constructive mathematics in F#
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Constructive Mathematics

Blog post here Clojure version here

Some people play video games for fun, I implement mathematics from scratch in F#. Although this mostly represents me monkeying around, I suppose it's not a bad way to learn a few things about mathematics and/or F#.


Comparison.fs just contains a discriminated union that's the result of comparing two numbers.

Natural Numbers

NaturalNumbers.fs recursively implements the counting numbers One, Two, Three, ... and the associated arithmetic operations. It's pretty much complete. As subtraction is only sometimes valid, it's implemented as a TrySubtract function that returns an option type.


Inspired by the lack of a robust 'Subtract' operation, Integers.fs extends the Natural Numbers to include Zero and Negatives. It's mostly done as well (maybe it could use integer division), although its tests could be more complete.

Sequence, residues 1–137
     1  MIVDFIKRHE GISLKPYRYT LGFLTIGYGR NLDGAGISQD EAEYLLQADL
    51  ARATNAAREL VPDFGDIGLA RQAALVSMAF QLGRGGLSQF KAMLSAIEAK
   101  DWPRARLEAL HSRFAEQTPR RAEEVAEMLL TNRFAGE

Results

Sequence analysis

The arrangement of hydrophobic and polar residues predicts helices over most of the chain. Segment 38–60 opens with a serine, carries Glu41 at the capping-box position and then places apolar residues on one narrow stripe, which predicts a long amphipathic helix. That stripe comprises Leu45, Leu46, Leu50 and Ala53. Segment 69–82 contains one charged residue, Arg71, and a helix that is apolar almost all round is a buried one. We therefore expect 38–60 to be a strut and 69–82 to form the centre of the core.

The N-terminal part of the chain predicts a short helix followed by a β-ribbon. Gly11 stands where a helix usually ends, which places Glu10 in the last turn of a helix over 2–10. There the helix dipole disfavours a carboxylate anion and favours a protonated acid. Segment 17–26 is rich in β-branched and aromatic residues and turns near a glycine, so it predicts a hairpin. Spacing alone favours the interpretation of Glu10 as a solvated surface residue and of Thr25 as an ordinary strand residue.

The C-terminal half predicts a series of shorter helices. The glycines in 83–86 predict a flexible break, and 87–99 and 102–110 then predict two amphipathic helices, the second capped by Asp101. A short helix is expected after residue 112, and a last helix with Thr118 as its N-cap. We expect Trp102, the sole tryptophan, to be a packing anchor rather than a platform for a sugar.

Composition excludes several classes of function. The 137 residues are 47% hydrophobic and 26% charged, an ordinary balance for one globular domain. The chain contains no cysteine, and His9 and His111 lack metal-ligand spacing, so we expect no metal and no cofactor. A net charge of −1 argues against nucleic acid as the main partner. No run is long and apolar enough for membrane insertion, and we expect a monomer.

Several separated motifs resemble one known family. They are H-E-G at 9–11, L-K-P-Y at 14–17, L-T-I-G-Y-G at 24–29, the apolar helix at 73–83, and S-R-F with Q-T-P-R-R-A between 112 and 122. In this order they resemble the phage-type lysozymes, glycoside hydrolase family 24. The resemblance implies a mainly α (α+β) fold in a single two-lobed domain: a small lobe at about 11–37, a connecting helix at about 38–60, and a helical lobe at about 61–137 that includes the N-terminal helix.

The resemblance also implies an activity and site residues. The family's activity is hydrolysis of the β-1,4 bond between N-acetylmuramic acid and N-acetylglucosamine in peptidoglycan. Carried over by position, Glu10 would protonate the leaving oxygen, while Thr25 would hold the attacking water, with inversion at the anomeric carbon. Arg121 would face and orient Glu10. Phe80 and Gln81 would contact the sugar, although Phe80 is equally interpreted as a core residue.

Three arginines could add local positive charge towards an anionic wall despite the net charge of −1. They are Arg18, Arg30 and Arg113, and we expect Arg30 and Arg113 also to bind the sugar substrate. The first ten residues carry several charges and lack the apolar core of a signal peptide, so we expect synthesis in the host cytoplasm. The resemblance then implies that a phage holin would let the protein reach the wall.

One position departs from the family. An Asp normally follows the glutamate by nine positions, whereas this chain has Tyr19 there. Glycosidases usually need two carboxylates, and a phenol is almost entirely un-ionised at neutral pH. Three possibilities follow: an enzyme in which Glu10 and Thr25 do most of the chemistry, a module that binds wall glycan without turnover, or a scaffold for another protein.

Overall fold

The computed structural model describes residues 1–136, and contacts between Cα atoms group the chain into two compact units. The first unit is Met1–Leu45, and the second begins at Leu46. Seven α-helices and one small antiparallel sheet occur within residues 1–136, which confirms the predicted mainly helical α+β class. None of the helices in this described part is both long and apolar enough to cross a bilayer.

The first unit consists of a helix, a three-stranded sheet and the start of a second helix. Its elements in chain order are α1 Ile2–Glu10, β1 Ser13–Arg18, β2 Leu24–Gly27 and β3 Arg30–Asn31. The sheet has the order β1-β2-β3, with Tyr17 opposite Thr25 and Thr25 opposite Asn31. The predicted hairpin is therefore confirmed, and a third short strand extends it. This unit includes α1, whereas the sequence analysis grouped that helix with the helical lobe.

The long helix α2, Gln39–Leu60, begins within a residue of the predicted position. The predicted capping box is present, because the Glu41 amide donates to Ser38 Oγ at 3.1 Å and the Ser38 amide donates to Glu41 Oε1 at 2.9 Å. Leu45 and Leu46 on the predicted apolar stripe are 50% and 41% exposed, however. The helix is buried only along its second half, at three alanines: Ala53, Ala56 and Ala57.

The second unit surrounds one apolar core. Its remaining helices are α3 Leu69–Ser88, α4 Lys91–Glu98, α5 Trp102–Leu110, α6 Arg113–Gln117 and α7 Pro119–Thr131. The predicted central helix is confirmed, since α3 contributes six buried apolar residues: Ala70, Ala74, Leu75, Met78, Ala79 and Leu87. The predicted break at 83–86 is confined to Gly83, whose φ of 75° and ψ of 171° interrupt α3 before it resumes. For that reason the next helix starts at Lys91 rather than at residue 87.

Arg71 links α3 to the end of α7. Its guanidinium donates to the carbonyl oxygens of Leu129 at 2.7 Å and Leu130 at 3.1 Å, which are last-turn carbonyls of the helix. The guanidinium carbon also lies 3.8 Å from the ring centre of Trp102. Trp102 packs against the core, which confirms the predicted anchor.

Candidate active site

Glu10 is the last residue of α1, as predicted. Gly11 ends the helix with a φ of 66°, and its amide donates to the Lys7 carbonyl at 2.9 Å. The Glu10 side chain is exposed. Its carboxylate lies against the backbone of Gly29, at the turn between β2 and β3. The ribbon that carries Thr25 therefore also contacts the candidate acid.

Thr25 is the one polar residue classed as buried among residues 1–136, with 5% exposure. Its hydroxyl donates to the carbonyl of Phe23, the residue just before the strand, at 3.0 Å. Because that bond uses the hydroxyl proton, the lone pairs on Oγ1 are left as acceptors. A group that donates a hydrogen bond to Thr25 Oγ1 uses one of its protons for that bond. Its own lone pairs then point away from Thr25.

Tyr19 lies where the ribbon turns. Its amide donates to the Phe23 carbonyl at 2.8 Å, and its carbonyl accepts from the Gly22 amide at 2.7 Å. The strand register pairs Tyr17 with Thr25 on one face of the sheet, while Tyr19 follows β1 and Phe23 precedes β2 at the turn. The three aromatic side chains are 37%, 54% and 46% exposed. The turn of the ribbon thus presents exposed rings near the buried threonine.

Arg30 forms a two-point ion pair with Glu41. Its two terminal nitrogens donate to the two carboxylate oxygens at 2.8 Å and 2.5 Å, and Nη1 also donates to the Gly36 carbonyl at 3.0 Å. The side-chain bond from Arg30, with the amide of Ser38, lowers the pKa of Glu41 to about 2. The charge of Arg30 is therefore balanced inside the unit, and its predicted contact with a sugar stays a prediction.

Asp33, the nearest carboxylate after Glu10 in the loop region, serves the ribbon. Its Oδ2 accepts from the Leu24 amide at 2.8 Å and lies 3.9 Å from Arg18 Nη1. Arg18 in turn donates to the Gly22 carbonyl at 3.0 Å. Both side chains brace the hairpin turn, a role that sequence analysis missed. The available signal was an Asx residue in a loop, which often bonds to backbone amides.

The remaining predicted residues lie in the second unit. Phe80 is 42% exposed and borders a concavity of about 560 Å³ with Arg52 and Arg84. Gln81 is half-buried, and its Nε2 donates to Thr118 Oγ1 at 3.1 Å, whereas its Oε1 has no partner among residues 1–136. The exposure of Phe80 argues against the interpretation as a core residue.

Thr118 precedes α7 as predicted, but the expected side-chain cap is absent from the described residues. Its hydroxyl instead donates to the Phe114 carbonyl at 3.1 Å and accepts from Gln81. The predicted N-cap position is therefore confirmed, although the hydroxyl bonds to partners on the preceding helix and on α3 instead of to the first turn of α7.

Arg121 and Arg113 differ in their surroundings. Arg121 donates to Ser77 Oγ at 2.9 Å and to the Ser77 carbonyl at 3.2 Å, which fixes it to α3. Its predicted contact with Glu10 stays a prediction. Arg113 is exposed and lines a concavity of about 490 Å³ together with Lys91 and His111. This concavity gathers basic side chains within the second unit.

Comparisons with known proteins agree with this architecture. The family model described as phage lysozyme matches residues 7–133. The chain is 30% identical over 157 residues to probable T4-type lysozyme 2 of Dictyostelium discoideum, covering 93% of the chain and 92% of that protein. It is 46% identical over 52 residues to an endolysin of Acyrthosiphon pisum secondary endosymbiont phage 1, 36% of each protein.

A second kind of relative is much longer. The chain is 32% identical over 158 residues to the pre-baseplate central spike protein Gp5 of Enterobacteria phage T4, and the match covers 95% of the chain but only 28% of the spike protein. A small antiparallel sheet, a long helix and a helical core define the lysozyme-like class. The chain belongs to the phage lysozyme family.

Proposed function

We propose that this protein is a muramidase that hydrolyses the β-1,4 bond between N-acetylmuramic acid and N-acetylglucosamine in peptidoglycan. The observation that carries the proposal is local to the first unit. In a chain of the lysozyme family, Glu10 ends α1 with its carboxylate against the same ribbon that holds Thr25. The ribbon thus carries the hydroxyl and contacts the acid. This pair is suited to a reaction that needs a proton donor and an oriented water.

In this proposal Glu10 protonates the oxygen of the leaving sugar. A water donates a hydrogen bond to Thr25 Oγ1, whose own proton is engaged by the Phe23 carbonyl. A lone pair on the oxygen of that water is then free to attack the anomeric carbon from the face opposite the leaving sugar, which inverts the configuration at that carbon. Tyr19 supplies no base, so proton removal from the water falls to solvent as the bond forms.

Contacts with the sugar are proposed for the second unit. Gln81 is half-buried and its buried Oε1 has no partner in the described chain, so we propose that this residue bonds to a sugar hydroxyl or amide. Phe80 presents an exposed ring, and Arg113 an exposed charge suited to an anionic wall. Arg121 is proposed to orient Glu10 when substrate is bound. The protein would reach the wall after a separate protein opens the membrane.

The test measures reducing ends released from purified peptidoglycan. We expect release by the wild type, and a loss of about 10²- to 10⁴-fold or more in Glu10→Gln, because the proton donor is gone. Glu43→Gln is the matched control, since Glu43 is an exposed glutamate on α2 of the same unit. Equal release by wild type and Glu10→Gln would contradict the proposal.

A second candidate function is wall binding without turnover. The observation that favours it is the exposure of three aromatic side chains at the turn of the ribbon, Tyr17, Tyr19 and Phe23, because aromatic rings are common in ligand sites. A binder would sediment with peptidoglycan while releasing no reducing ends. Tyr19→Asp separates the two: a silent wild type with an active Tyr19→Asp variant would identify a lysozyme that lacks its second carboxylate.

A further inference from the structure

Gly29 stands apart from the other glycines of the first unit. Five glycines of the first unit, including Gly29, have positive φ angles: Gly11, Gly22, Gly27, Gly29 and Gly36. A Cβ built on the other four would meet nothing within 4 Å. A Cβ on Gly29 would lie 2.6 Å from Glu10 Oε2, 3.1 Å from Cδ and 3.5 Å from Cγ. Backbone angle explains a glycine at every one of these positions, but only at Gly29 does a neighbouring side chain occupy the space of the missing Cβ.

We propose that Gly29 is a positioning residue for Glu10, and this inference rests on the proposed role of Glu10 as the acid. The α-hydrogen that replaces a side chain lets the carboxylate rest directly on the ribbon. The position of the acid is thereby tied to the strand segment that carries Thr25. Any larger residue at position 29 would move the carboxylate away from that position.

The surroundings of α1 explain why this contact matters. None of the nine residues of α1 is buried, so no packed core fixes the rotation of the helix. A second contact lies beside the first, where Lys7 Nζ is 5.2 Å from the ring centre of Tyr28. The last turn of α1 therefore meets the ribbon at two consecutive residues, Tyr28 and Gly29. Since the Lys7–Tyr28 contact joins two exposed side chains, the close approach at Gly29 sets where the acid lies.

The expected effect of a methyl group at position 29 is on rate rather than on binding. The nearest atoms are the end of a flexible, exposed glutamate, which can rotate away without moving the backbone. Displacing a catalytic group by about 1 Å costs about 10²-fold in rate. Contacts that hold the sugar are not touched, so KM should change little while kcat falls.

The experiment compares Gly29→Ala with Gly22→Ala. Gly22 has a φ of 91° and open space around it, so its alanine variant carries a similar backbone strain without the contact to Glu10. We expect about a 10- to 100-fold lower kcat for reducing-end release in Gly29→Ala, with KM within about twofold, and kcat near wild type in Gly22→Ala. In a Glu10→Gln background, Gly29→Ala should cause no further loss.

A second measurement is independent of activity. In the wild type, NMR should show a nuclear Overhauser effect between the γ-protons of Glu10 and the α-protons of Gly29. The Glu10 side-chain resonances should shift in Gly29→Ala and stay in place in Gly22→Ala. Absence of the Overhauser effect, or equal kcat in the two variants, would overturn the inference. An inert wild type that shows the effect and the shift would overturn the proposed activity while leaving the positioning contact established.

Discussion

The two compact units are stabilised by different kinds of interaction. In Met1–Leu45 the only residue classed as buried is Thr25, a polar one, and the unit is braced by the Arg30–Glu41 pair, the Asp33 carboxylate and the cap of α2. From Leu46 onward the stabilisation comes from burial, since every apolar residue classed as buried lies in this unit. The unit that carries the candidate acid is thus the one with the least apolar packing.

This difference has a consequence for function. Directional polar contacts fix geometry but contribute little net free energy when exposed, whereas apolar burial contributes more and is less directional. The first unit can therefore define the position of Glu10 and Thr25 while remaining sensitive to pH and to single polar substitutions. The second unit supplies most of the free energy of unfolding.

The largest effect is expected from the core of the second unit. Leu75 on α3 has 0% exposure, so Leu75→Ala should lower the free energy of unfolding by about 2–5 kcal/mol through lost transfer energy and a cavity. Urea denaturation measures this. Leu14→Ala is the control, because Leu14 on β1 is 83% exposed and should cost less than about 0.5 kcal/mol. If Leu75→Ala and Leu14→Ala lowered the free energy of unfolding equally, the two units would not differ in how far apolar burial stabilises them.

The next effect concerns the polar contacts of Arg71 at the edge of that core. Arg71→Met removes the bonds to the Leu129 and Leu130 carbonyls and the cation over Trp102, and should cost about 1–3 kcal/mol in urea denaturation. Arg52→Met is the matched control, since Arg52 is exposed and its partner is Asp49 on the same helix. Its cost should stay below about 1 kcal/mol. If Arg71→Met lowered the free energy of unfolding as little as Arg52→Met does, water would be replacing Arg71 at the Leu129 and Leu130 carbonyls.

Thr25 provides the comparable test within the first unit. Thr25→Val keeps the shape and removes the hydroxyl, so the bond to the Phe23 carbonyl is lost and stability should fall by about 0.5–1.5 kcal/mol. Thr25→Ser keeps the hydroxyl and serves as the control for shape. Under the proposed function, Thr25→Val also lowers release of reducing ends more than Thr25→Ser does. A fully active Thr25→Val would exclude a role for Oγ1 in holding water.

Rational Numbers

Similarly, as many pairs of Integers cannot be divided, Rationals.fs extends the Integers to include all ratios of Integers (except for those with Zero in the denominator). I won't call this one complete (although I don't have in mind any additional functionality to add), and I haven't written any tests yet, so there might be bugs in it.

Gaussian Integers

Inspired by the observation that there are no Integers whose squares are Negative, GaussianIntegers.fs adds an element I whose square is MinusOne. I'm pretty sure the basic framework is correct, but it's very incomplete, and there are no tests yet.

Real Numbers

The Rational numbers have a (huge) number of gaps in them, which is a layman's way of saying Cauchy Sequences that don't converge. In RealNumbers.fs I attempt to 'fill in' these gaps. As the real numbers are uncountable, it's impossible to do this absolutely correctly.

I'm trying to use some variation on the method described here, which represents a real number as a pair (f,g), where f is a Cauchy sequence of Rational Numbers, and g is a function that gives the actual cutoffs for the Cauchy bounds at 1, 1/2, 1/3, 1/4, ... I am not convinced that this is the best way to implement real numbers, although I've made more progress than every other way I've tried. These are still totally a work in progress and may change entirely.